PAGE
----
Windsor’s Catholic school board will shutter schools Friday ahead of a planned one-day strike by education and support workers across the province.
Education and support workers belonging to the Canadian Union of Public Employees (CUPE) will conduct a one-day strike Friday in a planned protest of Ontario’s Keeping Kids in Schools Act, a pre-emptive piece of legislation to keep workers on the job after the union signalled its intention to strike.
The legislation would impose a four-year contract on education workers.
Locally, the job action will affect hundreds of workers, from custodians and building maintenance workers to education assistants and speech pathologists belonging to a number of different locals.
“I think mostly, people are very angry,” said Darlene Sawchuk, president of CUPE Local 1358, which represents around 600 early childhood educators, educational assistants and other education professionals with the Windsor Essex Catholic District School Board.
“They’re very upset about this absolute blatant abuse of power that the Ford government is exercising right now … if anything, I think it’s catapulted their determination to to act on it.”
CUPE, which represents about 55,000 education workers, is asking for an 11.7 per cent raise for its workers, or about $3.25 per hour or $4,800 a year.
While the raise seems high, union officials said wages have grown just 8.8 per cent over the last decade, while Ontario’s inflation over that time was about 19 per cent. The union says more than half its education workers have had to take a second job, with the average worker making about $39,000 per year.
Earlier this week the Ontario government announced it would table legislation and use the notwithstanding clause in order to keep workers on the job come Friday — prompting CUPE to announce its workers would leave the job Friday regardless, in protest of the legislation.
The notwithstanding clause in the Charter of Rights and Freedoms gives the provincial legislatures and Parliament the ability to override certain portions of the charter for five years.
“Students are finally back in class catching up, following two years of pandemic disruptions,” said Stephen Lecce, Ontario’s minister of education in a statement announcing the legislation this week.
“CUPE has now made the decision to strike, putting their own self interest ahead of Ontario’s nearly two million children, who deserve to stay in class learning. We are delivering on our promise to parents that our government will do whatever it takes to keep students in class, so they can catch up and get back to the basics of learning.”
The government says it has offered salary increases of 2.5 per cent for workers with wage grids below $43,000 annually, and 1.5 per cent for workers with wage grids above that.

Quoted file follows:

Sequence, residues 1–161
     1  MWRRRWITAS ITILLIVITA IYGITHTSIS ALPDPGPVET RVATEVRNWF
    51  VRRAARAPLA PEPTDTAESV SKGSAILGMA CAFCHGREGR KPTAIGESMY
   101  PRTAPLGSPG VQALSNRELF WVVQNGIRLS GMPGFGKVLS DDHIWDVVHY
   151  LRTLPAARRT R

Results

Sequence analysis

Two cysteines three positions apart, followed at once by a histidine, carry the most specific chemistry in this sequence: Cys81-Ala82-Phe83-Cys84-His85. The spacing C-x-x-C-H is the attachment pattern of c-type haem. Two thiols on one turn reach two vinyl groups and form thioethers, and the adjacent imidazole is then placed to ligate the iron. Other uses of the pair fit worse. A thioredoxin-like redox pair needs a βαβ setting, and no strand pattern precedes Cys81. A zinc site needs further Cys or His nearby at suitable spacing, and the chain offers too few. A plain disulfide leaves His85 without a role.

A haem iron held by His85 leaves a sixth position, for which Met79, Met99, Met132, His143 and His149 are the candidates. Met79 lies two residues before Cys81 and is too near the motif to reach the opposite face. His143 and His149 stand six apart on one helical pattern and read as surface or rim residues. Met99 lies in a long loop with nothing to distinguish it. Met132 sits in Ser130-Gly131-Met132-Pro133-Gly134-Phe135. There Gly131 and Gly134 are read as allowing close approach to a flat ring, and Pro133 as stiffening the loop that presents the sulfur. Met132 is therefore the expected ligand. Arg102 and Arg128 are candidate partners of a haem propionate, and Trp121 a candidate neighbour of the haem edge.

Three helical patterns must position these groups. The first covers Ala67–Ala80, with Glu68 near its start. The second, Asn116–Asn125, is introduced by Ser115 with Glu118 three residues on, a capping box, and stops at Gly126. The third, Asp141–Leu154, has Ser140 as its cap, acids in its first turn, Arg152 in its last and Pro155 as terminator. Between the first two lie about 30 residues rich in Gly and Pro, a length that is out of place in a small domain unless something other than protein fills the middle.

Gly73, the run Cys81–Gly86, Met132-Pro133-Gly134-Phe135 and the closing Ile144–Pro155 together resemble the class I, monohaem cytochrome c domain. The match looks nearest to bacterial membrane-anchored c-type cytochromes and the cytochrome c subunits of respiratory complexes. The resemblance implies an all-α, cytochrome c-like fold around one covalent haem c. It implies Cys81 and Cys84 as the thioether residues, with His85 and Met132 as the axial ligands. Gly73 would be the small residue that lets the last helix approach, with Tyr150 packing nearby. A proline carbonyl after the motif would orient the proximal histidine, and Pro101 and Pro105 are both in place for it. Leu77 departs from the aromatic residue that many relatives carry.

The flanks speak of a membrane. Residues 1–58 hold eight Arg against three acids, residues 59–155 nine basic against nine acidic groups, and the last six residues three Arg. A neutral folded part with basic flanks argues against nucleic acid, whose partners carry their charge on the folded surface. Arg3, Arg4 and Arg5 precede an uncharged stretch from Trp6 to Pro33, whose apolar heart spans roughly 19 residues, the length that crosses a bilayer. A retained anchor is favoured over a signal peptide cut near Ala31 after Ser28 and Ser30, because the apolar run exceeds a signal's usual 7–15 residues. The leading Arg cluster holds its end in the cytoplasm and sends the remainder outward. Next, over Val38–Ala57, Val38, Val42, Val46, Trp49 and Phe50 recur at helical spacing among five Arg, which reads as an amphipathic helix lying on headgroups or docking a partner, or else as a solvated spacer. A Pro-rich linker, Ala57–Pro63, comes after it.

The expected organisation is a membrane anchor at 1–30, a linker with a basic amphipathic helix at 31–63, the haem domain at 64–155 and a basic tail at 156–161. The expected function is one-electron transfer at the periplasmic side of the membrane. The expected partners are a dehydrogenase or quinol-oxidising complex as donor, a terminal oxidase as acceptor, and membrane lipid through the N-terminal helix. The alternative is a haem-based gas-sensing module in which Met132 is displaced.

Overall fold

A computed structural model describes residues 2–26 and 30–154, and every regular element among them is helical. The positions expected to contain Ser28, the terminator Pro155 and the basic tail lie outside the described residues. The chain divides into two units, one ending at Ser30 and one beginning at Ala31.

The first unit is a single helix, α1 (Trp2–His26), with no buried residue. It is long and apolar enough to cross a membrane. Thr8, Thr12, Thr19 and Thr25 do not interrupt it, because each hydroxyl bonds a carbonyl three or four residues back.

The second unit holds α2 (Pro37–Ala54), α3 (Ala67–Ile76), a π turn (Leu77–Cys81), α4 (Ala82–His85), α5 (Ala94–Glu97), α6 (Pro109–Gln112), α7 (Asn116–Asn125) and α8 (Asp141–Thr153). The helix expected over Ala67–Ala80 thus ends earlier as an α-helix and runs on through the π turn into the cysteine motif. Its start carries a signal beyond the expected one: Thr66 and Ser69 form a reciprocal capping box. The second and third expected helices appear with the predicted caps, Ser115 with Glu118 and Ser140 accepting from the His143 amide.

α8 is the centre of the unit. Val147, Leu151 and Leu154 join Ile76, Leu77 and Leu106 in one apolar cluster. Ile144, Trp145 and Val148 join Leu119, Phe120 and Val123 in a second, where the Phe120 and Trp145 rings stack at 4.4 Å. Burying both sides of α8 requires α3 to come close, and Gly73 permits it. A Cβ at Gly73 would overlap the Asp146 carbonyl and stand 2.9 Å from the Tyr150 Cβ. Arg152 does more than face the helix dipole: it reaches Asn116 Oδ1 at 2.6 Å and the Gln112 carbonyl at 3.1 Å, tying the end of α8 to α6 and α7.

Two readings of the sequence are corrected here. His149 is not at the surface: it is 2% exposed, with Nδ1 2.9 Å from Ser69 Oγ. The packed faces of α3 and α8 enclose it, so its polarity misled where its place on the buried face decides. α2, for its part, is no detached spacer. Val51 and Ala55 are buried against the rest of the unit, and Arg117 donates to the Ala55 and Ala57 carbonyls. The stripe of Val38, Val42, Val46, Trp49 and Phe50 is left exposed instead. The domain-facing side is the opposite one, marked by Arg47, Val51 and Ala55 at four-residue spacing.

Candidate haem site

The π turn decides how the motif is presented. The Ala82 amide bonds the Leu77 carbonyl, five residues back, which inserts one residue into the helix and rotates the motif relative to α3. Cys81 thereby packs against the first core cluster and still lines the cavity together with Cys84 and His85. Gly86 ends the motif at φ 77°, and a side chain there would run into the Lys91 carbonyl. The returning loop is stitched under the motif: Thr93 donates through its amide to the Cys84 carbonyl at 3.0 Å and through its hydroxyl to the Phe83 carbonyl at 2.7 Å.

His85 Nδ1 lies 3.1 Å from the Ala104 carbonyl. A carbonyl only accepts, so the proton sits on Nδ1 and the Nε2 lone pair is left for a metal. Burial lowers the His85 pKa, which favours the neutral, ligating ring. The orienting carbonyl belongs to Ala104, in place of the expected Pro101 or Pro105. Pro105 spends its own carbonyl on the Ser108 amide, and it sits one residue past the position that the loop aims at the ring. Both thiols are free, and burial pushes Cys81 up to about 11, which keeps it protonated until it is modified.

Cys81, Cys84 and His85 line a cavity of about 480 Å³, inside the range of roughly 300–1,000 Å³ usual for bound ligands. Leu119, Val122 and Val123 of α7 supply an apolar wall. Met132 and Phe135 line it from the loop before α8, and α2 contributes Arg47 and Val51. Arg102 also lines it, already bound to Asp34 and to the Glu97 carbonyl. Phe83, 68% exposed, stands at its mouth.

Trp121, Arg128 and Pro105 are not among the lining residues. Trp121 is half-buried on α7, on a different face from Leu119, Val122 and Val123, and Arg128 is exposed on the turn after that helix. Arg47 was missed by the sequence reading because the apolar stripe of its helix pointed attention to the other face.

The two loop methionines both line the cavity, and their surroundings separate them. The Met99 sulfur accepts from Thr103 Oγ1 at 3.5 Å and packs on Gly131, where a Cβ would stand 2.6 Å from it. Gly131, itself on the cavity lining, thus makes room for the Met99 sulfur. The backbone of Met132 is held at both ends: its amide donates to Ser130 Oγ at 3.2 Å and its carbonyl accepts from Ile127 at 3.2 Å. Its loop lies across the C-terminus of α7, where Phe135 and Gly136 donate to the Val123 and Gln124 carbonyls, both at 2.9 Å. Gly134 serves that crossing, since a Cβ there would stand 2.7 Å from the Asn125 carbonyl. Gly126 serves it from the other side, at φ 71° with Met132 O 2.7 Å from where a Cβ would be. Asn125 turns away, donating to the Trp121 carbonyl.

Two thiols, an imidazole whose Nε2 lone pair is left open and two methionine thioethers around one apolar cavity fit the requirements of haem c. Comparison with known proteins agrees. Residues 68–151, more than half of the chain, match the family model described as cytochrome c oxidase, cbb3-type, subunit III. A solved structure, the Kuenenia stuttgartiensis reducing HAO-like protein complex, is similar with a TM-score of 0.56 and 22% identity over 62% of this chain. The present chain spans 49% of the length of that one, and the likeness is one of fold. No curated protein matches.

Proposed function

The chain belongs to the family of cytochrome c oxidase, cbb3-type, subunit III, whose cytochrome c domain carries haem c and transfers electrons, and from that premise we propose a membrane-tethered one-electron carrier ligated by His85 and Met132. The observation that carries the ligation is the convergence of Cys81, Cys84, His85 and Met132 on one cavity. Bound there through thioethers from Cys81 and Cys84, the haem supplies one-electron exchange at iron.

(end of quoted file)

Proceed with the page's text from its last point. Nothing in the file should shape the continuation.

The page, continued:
But CUPE’s Ontario School Boards Council of Unions said those numbers don’t represent the actual increases their members would see.
“The government offer provides wage increases based on the top rate in the wage grid,” CUPE officials said in a statement. “That means that if a worker’s grid goes up to higher than the cut off of $25.95 per hour but they currently earn less, they will only receive 1.5 per cent.”
Workers are nervous head of Friday’s job action, said Anthony Birley, president of CUPE Local 27 representing custodians and building maintenance workers with the Greater Essex County district school board.
“(They are) anxious, of course, but we’re willing to do what we have to do to get this done,” Birley said.
The Windsor-Essex Catholic District School Board announced on Wednesday morning it will close its schools for in-person learning “in accordance with provisions in the Education Act and in the interest of the health and safety of our students and staff.”
The Catholic school board’s CUPE membership differs from that of the public school board. In an Oct. 31 update the public board said schools will remain open.
Public school board provides updates on potential labour strife
Windsor-Essex Catholic schools to be closed Friday
CUPE awaits Ontario’s response to its counter-offer as strike looms
Sawchuk said she wants to remind people that Friday’s protest action is about more than money for her members.
“We’re there when there are emotional and mental disabilities. We’re there for kids who have learning exceptionalities, we’re there for kids who need speech and language therapy,” Sawchuk said.
“This political action that we’re taking on Friday isn’t just about $3.25 an hour. It is really about ensuring … that there are enough people providing essential services in our schools, that every kid, whether they have exceptionalities or not, gets the education that they’re rightfully deserving.”